Finland has become the first country in Europe to pay its unemployed citizens a basic monthly income, amounting to 560 euros, or $587, in a unique social experiment it hopes will cut government red tape, reduce poverty and boost employment.
Olli Kangas from the Finnish government agency KELA, which is responsible for the country’s social benefits, said Monday that the two-year trial with the 2,000 randomly picked citizens who receive unemployment benefits kicked off Monday.
Those chosen will receive 560 euros every month, with no reporting requirements on how they spend it. The amount will be deducted from any benefits they already receive.
The average private sector income in Finland is 3,500 euros per month, according to official data.
Kangas said the scheme’s idea is to abolish the “disincentive problem” among the unemployed.
The trial aims to discourage people’s fears “of losing out on something,” he said, adding that the selected people would continue to receive the 560 euros even after receiving a job.
A jobless person may currently refuse a low-income or short-term job in the fear of having his financial benefits reduced drastically under Finland’s generous but complex social security system.
“It’s highly interesting to see how it makes people behave,” Kangas said.
“Will this lead them to boldly experiment with different kinds of jobs? Or, as some critics claim, make them lazier with the knowledge of getting a basic income without doing anything?”
A similar idea, called a universal basic income, has been promoted by some as an answer in the U.S. to the displacement of low-skilled workers by robots and other automation.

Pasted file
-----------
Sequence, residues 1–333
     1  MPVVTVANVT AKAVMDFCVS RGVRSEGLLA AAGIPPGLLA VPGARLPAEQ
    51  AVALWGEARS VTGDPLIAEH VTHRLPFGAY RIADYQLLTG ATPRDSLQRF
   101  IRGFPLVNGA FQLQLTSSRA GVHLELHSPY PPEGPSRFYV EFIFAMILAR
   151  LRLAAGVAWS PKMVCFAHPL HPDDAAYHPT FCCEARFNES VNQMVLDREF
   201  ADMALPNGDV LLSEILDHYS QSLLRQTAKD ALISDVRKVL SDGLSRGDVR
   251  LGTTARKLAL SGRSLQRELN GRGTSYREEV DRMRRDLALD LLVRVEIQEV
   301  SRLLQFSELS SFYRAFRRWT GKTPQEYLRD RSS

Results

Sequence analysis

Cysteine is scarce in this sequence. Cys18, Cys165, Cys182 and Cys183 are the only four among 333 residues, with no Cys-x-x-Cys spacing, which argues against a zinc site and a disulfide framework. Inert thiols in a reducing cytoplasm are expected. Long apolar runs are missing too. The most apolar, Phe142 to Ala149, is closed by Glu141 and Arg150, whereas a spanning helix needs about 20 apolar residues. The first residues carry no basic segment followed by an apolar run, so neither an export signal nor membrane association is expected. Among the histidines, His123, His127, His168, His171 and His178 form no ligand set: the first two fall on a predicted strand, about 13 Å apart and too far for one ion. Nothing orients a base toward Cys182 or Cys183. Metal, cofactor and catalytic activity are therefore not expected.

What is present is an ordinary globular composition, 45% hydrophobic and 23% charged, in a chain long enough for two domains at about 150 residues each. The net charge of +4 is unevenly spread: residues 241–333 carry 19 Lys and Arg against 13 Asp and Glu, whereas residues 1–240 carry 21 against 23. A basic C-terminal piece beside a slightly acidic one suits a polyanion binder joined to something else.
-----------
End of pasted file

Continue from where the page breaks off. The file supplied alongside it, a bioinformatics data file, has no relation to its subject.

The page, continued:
The guaranteed income would be provided to every adult, enough to support a basic standard of living, regardless of whether they were employed.
Some proponents see guaranteed incomes as a way to prepare for an economy that produces fewer jobs. Others see it as a way to cut back existing government security net programs.
Two local councils in Scotland are considering introducing trial programs with basic incomes later this year, in Glasgow and Fife.
The unemployment rate of Finland, a nation of 5.5 million, stood at 8.1% in November with some 213,000 people without a job — unchanged from the previous year.
The scheme is part of the measures by the center-right government of Prime Minister Juha Sipila to tackle Finland’s joblessness problem.
Kangas said the basic income experiment may be expanded later to other low-income groups such as freelancers, small-scale entrepreneurs and part-time workers.